E! (the E for entertainment channel, the ! for emphasis) is on a rampage. It owns much of Los Angel es now and charges full force into Manhattan in July. It figures to swallow the United States in three to five years. Then . . . the world!
Well, E! executives get an E for Enthusiasm. They may have bloated ambitions but clearly are proud parents of their adopted child channel. "We define ourselves in a lot of ways," said network president and chief executive officer Lee Masters, citing his slogans. "It's People Magazine on TV, 'Entertainment Tonight' 24 Hours a Day and the CNN of Entertainment News."
As E! is about to celebrate its first birthday Saturday, Masters boasts that ever since a consortium of cable interests bought the 3-year-old Movietime network, the round-the-clock E! has grown in all directions. The annual $30-million budget is overspent (he won't say how much: company policy) but projected break-even is early 1992.
E! has been expanding on Movietime's short-program forms because advertisers want viewers to stick around for longer shows. E! now does specials and live events and recently added "Extreme Close-Up" and "E! News Week in Review." A nightly "E! Daily News" spot-news show is set to debut in August, with other series in heavy development: "Early next year we'll be rolling into our 'Phase 4,' our prime-time block of three-hour daily strips," Masters said.
Another measure of success is "subs"--subscriber homes. E! counts 18.5 million such subs (in 775 systems), up 4.5 million in the year. Why doesn't E! reach all 54 million cable homes?
"Well, that's the challenge," Masters said. "But that'll be resolved in three to five years."
Masters said that even the 4.5 million total amazes cable watchers, because the problem is "channel lock"--when all the channel space is locked up. But fiber optic and "video compression" technologies, both of which exponentially expand channel capacities, are spurring cable operators to rewire their systems.
As the channel's programmer, Fran Shea, a veteran of HBO and Cinemax, had to fill up 24 hours of E! Her first goal--star power: "We run on celebrities," she said. "And we wanted to deliver credibility and a good product back to them."
She wooed the Hollywood community: "I had to get James Woods, for example, to lend his time to us and you have to say, 'This is what we need from you--we need an interview and more.' We were asking (stars) to do 'Shameless Plugs' (they playfully hype their new projects) or 'Fans Ask' (on-camera fan questions and star answers are spliced together).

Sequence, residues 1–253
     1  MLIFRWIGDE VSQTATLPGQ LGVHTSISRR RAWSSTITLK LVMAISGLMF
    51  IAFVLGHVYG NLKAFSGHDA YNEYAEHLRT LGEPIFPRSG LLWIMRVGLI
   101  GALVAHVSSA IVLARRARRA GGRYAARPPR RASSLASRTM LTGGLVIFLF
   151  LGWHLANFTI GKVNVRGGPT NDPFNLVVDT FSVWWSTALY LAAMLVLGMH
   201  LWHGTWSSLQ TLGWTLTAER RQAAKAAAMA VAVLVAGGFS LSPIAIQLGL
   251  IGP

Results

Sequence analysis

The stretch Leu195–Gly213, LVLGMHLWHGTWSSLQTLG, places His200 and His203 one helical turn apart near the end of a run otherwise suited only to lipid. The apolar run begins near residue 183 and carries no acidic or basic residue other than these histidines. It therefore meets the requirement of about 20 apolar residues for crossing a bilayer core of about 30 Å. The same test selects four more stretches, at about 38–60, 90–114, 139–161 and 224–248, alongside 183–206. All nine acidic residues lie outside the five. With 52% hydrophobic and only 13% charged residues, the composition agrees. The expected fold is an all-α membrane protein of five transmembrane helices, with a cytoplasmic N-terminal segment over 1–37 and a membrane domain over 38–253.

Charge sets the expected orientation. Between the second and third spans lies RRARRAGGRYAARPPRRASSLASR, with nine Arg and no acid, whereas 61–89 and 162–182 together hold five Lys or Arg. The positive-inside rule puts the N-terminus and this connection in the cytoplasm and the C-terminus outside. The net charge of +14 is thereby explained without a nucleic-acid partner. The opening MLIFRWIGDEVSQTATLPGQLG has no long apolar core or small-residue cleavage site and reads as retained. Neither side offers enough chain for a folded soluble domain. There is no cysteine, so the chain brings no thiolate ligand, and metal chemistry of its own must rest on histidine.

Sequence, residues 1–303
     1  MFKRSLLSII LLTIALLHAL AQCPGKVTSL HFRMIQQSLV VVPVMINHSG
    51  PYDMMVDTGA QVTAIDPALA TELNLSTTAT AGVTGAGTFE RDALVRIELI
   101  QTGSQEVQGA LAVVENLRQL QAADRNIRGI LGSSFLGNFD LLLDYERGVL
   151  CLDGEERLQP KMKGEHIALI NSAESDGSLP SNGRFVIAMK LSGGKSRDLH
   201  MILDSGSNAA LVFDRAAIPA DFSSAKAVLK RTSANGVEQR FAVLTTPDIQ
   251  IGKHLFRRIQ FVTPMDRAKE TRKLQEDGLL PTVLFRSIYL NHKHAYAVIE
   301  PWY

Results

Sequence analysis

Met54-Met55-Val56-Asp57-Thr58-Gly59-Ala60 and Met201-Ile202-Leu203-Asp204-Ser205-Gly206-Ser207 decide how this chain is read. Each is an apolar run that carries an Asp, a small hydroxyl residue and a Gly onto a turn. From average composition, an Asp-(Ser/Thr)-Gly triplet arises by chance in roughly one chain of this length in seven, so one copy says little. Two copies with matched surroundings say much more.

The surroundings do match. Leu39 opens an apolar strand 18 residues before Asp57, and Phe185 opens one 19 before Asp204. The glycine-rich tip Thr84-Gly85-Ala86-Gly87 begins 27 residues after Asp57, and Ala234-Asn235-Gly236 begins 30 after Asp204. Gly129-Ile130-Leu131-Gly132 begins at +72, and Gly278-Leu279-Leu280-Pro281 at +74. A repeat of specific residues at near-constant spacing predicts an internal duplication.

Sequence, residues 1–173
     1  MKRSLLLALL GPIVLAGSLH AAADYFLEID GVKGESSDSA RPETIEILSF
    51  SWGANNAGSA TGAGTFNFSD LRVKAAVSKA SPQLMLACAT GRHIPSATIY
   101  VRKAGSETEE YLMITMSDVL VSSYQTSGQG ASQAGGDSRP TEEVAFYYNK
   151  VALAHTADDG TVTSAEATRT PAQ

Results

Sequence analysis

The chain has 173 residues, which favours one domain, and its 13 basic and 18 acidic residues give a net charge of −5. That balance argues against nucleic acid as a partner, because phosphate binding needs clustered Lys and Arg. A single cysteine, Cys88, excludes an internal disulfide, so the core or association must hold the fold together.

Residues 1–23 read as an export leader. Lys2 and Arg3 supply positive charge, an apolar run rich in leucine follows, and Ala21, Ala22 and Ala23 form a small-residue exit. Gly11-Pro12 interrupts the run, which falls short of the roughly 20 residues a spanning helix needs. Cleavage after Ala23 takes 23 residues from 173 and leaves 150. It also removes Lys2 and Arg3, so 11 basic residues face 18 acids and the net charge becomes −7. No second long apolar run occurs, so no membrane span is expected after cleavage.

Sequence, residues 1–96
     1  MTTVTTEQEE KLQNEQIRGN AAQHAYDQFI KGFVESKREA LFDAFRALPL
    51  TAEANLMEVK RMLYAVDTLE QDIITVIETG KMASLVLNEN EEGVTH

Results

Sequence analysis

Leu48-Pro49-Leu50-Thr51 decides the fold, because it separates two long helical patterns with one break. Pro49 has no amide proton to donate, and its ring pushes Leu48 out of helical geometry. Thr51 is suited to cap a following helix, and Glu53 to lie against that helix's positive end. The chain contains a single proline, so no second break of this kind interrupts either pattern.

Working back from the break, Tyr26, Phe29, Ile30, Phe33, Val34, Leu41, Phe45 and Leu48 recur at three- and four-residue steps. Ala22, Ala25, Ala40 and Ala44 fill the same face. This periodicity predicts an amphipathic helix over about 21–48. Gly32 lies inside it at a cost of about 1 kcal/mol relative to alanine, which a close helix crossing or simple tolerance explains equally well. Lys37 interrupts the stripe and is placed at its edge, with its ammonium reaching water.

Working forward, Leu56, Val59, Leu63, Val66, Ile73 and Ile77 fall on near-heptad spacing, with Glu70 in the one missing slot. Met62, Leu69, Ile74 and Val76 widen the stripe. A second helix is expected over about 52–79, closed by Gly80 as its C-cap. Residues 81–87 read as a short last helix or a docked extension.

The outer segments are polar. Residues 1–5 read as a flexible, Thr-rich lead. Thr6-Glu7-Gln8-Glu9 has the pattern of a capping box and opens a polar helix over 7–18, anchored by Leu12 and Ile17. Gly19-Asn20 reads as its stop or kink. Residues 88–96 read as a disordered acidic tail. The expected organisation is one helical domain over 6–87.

"And (Woods) asks back, 'What do I get back for this?' We said, 'Well, we won't just give you sound bytes (brief clips) back. We'll give you a longer interview. If you spend a half-hour with us, maybe we'll cut it into a longer piece or two pieces. 'It won't be on the 'Today' show once. Yes, their audience is huge, but we have a repetition schedule and we can give you a couple prime-time plays and maybe morning plays.' "
"Shameless Plugs" frightened publicists at first--but when Arnold Schwarzenegger saw the humor as well as the marketing potential for "Total Recall," he gladly did it; other stars turned eager.
"When 'Dances With Wolves' came on and we were doing publicity for it, Sly Stallone was sitting at home watching all this stuff," Shea recalled. "His publicist called and said, 'How do we get this kind of coverage?' "
Stallone was a happy hyper: "He asked for everything," Shea said. "He did 'Shameless Plugs,' tags, everything. He did it all. He's a great guy."
Shea said she doesn't see conflicts with such a celebrity-friendly atmosphere and E!'s expanding harder-news coverage: "But we have to be very careful not to go to 'tabloidism,' " she said. "We know from our audience--we do a lot of research--they don't want a lot of half-truths and speculation; they want the truth."
(In illusory Hollywood, of course, truth is relative. Gossip--basically true in different variations--is integral to the scene. Michael Castner does E!'s "The Inside Word," formerly titled "True Gossip.")
Masters, widely credited as the programming genius behind MTV, seemed thrilled with this assignment: "We call it Guerrilla Television. We're inventing the medium here--original programming on basic cable."
He recalls his 19 years in radio, particularly the creative explosion on the FM dial. E! reminds him of those days.
"I think we're on the cutting edge of something brand new," he said. "Well, this is tougher than FM in the early '70s. Then you just needed a couple records."
Since E! is so much Hollywood, there would seem to be grand opportunities in a world market hungry for Hollywood.
"We have a terrific advantage that a lot of other channels and networks don't have," he said. "We own our own products--we make it, we own it. We don't get any off-net shows (former network series) and entertainment is the No. 2 export of the United States."
But, he acknowledges, world domination will have to wait. First, he has to conquer this country.